In a perfect world, I would always have freshly made stock on hand in my fridge. But in reality I sometimes run out of fresh stock, and so I keep a variety of fill-ins of commercially available products. Here are the products I use and how I use them.
First of all, I consider all of these products aids to my cooking but consider none of them as direct replacements for homemade stock. The majority of them are labeled as “broth” and are not true stocks. Broths are lighter in texture than stocks, with little to no gelatin. A good quality stock will jell when chilled, but these broths won’t.
I believe the makers of boxed or canned broths are trying to produce a product that tastes appealing to the consumer at first sip directly from the box or can. Most of these broths have a stronger vegetable taste than homemade stock; because of this, the majority don’t taste good when they’re reduced, as it concentrates the stronger vegetable flavors. However, I did discover an exception when I was tasting and testing broths for this entry. The Pacific Natural Foods low sodium brand had a fairly pleasant taste when I reduced it by half. The chicken flavors were concentrated, but the vegetable flavors did not get so strong as to be unpleasant. You’ll need to experiment with the brand you’re using if you want to reduce it in order to concentrate its flavor.
I prefer to use broths that are made only with combinations of chicken, vegetables, herbs, spices, or yeast. All of the boxed brands in the picture above meet this criteria. I was able to gather Tabatchnick, Manischewitz, Pacific Natural Foods, Trader Joe’s, and Whole Foods 365 from my local supermarkets. You’ll need to search out the ones available to you in your area. I prefer to use the low sodium, organic brands of boxed or canned broths when available. I use these boxed broths in soups, risottos, and other grain dishes, or a tomato sauce: all dishes in which I want a bit of supplementation without a strong or definite taste of stock.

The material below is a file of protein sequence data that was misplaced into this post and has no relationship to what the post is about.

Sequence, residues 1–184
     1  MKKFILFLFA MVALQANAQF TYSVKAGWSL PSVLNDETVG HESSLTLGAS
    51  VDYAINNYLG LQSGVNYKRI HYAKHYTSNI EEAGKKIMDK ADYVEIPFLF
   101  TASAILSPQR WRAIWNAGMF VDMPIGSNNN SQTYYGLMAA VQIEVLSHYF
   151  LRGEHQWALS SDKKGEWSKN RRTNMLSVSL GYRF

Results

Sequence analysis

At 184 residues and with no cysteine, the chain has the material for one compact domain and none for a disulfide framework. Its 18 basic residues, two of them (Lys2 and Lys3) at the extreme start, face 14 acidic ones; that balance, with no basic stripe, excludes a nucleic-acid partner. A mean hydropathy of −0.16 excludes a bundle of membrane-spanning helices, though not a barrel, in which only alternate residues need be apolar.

Bouillon cubes and/or granules are handy but high in salt. Most contain ingredients I’d prefer to avoid, like monosodium glutamate, disodium inosinate, and colorings. However, if you’re interested in using them, they can be diluted and then added to dishes or stirred directly into a dish. Just make sure to taste as you add the granules or stock cubes, or you’ll end up with an extremely salty dish.
Semi-solid meat extracts are available in jars. They are concentrated, partially dried stocks. These are very practical but can be very salty as well, and they may contain additives, so read the labels. Many years ago I gave my mother some wonderful stock/sauce bases with no preservatives from Williams Sonoma. Dilute them, tasting as you go, and use them to flavor soups, etc. Some of these meat extracts can be used as a base for quick sauces.
Yeast extract is also available as an enrichment. I use Marmite. In the past, I used Marmite to add that final bit of missing enrichment to sauces in Madeleine Kamman’s restaurant kitchen. When I was observing at a three star, Michelin rated restaurant in France, I saw Marmite used to finish off sauces as well.
What all of these products are providing is a bit of Umami, a savory taste (some more than others).
In sum, you can use commercially available broths and stocks to supplement and round out your cooking, but keep in mind that these products are a supplement not a true replacement for good homemade stock.